SC Johnson has announced that it will be halting sales of its Kiwi shoe-care products in the UK. The US multinational declared that “after a thorough evaluation” it had “decided to exit the shoe-care business in the UK in order to redirect investments and resources.” Newspaper opinion writers began harrumphing that Britain “no longer cares about shiny shoes” and that “polished shoes are now deemed irrelevant”.
The causes of the decline in buffing one’s brogues were apparently all too obvious: the work-from-home movement and a general decline in how people dress. But, of course, this is nonsense. When I was a child, there was a box of brushes, cloths and tins of Kiwi shoe polish kept in the cupboard under the stairs that were used almost daily, as they were in many households around the world (Kiwi is still believed to have 53 per cent of global market share in shoe polish). Yet even though there has been a slip in the use of tinned polish, this is not an omen of sartorial, let alone social, decline.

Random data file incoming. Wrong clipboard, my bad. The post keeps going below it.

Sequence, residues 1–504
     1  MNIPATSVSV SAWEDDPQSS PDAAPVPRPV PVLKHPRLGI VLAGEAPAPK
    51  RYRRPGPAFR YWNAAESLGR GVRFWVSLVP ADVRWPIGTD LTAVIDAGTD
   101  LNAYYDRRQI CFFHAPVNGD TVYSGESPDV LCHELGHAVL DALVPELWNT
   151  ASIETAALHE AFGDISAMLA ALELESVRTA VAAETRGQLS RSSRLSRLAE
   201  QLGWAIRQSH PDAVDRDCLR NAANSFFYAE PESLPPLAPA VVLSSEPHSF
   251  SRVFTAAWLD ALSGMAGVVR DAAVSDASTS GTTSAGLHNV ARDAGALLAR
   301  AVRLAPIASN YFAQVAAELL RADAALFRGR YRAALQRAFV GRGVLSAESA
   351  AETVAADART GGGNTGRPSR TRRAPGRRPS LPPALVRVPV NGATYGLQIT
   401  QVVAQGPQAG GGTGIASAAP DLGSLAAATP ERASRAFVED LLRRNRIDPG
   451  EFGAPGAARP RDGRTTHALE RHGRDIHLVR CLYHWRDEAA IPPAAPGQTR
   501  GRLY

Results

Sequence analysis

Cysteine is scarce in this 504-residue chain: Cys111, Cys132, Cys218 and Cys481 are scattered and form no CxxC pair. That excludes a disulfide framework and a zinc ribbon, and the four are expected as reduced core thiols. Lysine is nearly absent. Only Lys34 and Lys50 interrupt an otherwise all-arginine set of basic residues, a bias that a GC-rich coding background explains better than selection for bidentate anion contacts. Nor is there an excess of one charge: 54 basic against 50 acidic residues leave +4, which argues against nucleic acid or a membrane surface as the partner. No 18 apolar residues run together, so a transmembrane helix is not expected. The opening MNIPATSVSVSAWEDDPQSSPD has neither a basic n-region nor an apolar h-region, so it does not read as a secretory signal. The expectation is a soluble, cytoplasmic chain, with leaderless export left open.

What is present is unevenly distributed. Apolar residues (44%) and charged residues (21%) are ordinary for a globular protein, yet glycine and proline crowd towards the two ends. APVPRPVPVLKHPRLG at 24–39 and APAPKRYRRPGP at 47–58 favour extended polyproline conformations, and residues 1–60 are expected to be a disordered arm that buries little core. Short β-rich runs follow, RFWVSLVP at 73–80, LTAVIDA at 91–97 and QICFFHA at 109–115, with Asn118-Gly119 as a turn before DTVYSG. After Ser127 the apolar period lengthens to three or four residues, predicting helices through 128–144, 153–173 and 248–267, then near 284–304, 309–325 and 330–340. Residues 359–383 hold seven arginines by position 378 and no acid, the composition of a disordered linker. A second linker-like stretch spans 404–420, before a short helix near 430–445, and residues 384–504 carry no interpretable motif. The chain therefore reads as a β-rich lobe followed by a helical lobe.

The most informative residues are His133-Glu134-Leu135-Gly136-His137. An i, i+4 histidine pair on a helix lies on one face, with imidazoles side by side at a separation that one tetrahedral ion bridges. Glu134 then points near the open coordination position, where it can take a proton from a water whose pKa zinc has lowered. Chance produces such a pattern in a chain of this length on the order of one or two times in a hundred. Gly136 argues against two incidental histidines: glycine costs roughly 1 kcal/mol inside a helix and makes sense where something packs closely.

Young men, in particular, have become increasingly obsessed with keeping their casual footwear box-fresh, sparking an uptick in the global value of the shoe-care market (estimates place it at about €4.7bn). And there is also a return to more formal footwear that SC Johnson will miss out on. If Kiwi’s exit from the UK turns out to be true then they also have themselves to blame – for too long they have been flogging nasty wipes and moist sponges as a supposed shortcut to us becoming shiny happy people and have left the market open for specialist, quality shoe-polish makers. So take heart; Britain has little to fear – although one still weeps over the demise in popularity of the bowler hat.
Andrew Tuck is Monocle’s editor-in-chief.